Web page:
For the first time since 1907-08, the Cubs have won the division in back-to-back seasons. As expected, the Northsiders clinched (on Saturday), with their arch rivals on the field, in a 5-4 nail biter. Most years, this would be enough. Division champs, Cardinals eliminated and are forced to watch the Cubs celebrate. Like a dream come true.
But not this year. This is simply not enough.
As much as I’d like to tell you that this is my favorite Cub team of my lifetime (and it is), and that the fact that they have been really fun to watch would be enough. I’d be lying. We want the WS title.
Here we go…
Thursday Night Sums it Up
How about the series finale with Milwaukee. Doesn’t that just sum up the Cubbies this year? Down 6-2 with two outs and nobody on in the ninth, Braun lets a line shot go under his glove, the door creaks open and the Northsiders kick it in. They put up four in the bottom on a Soto blast and then win it in twelve innings. Sometimes I’m still not sure these are the Cubbies I’m watching.
Hey, listen friends, it’s late September…let’s enjoy this for a few days. Enjoy watching Casey McGahee, Randy Wells and Felix Pie. Enjoy not worrying about a tie-breaker coin flip or the Chicago Bears’ horrendous offensive coordinator. Let’s not even worry whether it’s the Mets, Phillies or Dodgers for the NLDS. There will be plenty to discuss next week. Piniella understands what’s going on.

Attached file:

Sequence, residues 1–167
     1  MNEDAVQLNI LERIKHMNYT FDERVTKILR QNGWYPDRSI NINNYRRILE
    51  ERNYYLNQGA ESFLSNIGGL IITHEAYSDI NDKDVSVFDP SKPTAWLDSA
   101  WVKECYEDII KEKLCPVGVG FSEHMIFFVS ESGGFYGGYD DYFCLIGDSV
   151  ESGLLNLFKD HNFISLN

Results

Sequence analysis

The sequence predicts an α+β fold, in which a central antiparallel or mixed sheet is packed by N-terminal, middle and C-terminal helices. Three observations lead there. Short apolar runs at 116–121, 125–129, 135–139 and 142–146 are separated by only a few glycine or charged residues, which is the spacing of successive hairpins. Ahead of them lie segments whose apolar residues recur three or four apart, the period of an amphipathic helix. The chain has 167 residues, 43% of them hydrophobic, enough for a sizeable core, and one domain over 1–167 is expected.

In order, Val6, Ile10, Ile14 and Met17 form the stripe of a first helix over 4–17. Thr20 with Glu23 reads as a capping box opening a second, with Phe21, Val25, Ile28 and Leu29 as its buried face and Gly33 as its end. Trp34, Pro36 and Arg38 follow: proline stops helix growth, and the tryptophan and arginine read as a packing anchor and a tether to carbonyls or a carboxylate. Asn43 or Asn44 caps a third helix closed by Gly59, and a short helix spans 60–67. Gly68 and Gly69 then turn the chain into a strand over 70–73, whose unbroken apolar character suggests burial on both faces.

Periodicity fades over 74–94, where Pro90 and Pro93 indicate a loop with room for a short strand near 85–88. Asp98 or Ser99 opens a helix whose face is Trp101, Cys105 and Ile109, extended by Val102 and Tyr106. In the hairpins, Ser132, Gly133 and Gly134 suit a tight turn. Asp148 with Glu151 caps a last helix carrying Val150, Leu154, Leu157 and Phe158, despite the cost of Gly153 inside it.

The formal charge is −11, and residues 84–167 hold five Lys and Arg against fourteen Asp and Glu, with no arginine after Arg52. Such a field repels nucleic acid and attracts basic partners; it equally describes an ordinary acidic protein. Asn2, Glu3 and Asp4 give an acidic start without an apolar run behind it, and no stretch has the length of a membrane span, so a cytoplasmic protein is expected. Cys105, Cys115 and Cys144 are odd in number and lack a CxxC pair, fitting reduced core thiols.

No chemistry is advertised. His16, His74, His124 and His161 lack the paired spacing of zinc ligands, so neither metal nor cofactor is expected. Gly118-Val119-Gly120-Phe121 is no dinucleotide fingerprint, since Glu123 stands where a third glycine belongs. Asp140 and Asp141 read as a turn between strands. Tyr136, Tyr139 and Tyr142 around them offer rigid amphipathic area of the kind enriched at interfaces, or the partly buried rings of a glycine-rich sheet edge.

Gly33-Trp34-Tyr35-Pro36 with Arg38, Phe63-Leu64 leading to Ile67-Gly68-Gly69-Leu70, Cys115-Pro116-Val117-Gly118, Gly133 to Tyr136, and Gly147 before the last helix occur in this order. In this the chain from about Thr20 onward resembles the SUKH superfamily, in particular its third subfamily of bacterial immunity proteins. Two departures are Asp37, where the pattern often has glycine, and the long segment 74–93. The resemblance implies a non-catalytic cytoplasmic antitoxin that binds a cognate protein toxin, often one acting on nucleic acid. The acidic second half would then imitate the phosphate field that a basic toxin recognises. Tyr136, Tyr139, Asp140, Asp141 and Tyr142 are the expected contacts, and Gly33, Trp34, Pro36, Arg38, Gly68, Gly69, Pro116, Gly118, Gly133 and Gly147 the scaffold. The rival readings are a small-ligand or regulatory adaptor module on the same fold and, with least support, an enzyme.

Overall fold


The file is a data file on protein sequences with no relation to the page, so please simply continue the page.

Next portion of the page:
Speaking of Piniella, I’m convinced he has them hungry for a few more celebrations. He will rest them, but not too much; he has praised them, but not too much. Manager of the year? Yes.
Case-in-point: Saturday’s clincher game. Anyone remember what the deciding run was? A mid-game suicide squeeze from Ted Lilly with a four-run lead making it 5-0.
Ol’ Lou knows you can never have too many runs. Sure enough, after a mistake to Glaus, the Cubs found themselves with a 5-4 lead they would never relinquish. Maybe they still would have won the game if it was 4-4, but there have been so many situations like this throughout the year that we never have to wonder about because Lou is a step ahead.
Ryan Dempster. I’ll make a quick case. 17-6 with and ERA of 2.99. 183 K’s. Led his team to a division title. 14 wins at home (the most by a Cubs pitcher since Fergie Jenkins won a franchise-leading 15 in 1967). All this coming after three years as a closer. If Cubs win the WS and Dempster plays a big part, he could have the case, especially if Brandon Webb and his 20 wins sit at home for the post-season.